Filled with more than 400 years of antiquity and culture, the New Mexico History Museum (NMHM) announces the opening of “Palace Seen and Unseen: A Convergence of History and Archaeology.” Set to debut June 26, 2021, this new exhibition explores the Palace of the Governors as a public building and a storied place.
Reflecting current archaeological and historical perspectives, “Palace Seen and Unseen” draws from historic documents, photographs, and archaeological and architectural studies produced by its former residents, visitors, stewards, and scholars. When the dynamic expertise of historians and archaeologists converges, a richer story and better understanding emerges. It is this integrative approach to what is seen and unseen that guides the themes explored by this exhibition. There is no better place for this to happen than at the Palace of the Governors.
Guest curators Cordelia (Dedie) Snow and Stephen (Steve) Post have nearly 50 years of combined experience with Palace architecture, history, and archaeology. Their firsthand experience excavating within the Palace walls and on its grounds provides a unique, expert perspective that visitors will appreciate.
“The Palace’s adobe architecture provides us with a unique backdrop to tell its 400-year story through the words, images, and objects of its many residents and visitors,” explain Snow and Post. “Just when you think you might be getting a handle on the archaeology or history of the Palace, something new crops up. Just as the puzzle always seems to be missing pieces, it grows even larger.”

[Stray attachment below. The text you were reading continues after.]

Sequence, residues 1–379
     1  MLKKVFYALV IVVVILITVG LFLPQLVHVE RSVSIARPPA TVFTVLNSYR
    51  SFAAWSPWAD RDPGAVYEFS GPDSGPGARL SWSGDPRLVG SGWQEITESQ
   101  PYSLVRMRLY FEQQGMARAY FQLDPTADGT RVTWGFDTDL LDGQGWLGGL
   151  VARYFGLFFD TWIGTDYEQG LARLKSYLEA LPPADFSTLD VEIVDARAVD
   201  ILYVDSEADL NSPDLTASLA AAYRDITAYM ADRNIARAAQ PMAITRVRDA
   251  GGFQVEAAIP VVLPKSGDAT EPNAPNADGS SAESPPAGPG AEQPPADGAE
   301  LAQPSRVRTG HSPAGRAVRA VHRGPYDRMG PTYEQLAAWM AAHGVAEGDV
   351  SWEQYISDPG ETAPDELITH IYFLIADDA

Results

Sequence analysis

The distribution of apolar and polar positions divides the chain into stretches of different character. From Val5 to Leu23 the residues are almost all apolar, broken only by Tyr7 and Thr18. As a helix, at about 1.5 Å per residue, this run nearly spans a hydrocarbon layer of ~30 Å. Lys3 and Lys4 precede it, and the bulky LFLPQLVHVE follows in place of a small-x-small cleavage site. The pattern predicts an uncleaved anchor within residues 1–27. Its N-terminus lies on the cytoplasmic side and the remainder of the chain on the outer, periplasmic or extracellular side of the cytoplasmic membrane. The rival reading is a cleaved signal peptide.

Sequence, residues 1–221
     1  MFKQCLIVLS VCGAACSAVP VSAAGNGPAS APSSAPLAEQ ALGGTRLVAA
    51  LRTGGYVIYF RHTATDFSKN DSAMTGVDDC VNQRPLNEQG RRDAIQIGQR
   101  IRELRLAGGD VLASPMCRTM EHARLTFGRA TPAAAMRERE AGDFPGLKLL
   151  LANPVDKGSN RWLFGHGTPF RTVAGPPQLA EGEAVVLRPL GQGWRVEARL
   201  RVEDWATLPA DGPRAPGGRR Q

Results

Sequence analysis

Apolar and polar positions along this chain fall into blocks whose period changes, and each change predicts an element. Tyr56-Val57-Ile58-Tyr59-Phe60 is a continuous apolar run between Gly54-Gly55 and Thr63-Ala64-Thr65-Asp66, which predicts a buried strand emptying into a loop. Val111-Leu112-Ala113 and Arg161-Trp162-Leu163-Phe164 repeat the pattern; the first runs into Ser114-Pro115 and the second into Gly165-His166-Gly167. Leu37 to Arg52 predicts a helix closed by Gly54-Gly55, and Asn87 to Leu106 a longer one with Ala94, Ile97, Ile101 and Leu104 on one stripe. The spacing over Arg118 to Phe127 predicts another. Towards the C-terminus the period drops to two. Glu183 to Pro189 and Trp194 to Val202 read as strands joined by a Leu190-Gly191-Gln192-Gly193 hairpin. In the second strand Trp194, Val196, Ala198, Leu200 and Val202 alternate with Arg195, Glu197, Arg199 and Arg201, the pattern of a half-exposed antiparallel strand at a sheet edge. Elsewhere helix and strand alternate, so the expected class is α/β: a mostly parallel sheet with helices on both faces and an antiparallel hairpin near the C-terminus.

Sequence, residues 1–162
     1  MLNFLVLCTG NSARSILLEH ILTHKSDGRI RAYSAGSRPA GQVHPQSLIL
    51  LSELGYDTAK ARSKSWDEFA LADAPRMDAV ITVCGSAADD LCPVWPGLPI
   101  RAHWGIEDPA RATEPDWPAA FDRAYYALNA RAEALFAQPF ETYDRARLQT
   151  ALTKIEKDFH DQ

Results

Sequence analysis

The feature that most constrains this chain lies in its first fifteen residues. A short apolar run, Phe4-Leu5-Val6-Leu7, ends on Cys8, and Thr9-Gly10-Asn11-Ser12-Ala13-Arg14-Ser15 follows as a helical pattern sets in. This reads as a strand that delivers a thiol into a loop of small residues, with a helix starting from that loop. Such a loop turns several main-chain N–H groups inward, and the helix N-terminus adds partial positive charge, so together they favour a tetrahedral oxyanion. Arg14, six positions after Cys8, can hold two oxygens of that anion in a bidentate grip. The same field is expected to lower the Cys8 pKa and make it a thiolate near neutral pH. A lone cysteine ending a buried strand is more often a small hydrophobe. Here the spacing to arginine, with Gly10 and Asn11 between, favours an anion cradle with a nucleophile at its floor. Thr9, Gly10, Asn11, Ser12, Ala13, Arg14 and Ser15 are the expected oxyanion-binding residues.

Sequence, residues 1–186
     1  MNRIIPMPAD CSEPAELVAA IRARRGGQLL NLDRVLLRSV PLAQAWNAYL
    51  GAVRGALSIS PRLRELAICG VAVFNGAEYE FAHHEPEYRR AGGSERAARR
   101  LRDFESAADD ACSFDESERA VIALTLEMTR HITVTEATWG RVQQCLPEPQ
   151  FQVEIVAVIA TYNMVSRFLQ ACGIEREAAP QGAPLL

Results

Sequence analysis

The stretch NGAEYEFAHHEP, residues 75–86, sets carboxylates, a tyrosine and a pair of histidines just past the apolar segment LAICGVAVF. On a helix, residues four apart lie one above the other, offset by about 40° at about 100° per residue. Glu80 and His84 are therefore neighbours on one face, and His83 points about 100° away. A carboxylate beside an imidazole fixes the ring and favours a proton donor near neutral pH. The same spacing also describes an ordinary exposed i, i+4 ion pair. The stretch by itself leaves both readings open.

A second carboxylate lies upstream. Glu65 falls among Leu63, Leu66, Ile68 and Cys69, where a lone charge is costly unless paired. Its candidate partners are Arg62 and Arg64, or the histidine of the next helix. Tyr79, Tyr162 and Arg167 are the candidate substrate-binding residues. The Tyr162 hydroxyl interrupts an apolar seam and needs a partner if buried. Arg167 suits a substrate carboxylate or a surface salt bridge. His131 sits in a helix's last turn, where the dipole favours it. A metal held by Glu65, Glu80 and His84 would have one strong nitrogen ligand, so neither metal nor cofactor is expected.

All the archaeological objects selected were excavated by either Snow or Post and were dug up from Palace floors or the former Armory grounds – where the NMHM Domenici Building now stands.
“Palace Seen and Unseen” was originally scheduled to open in 2020. The exhibition will be on long-term view.
The program has been closed since March 12, 2020 as a result of the Covid pandemic. A reopening plan has been crafted in accordance with state public health orders and Covid-safe practices. Protecting the health of artisans and the public is a primary concern of the museum and the Department of Cultural Affairs.
All vendors will wear masks and will be separated from one another by at least six feet. To adjust for the increased spacing, vendors will be selling along Washington and Lincoln Avenues, as well as under the portal. Pedestrian traffic under the portal will be one-way, from west to east. Customers are encouraged to comply with state law regarding mask wearing. The Portal opens at 10:00 every day and closes at 3:00 although vendors may stay later.
In this talk, Rick Hendricks, ….and former New Mexico State Historian discusses the way in which Pueblo Indians have fought to preserve tribal sovereignty as it related to issues of land and water from the Spanish Colonial Period to the present day.
Case studies of five pueblos will be examined, four in New Mexico and one in Texas: Pojoaque, Nambe, Tesuque, Isleta, and Ysleta del Sur.
Rick Hendricks, is the New Mexico state records administrator. He is a former state historian and editor of the Vargas Project at the University of New Mexico. He has written extensively on the history of the American Southwest and Mexico. His most recent book, Pueblo Indian Sovereignty: Land and Water in New Mexico and Texas, was coauthored with Malcolm Ebright and published by the University of Oklahoma Press in 2019.
Friends of History is a volunteer support group for the New Mexico History Museum in Santa Fe, New Mexico. Its mission is to raise funds and public awareness for the Museum’s exhibitions and programs. Friends of History fulfills its mission by offering high quality public history programs, including the First Wednesday Lecture Series. For more information, or to join the Friends of History, go to friendsofhistorynm.org.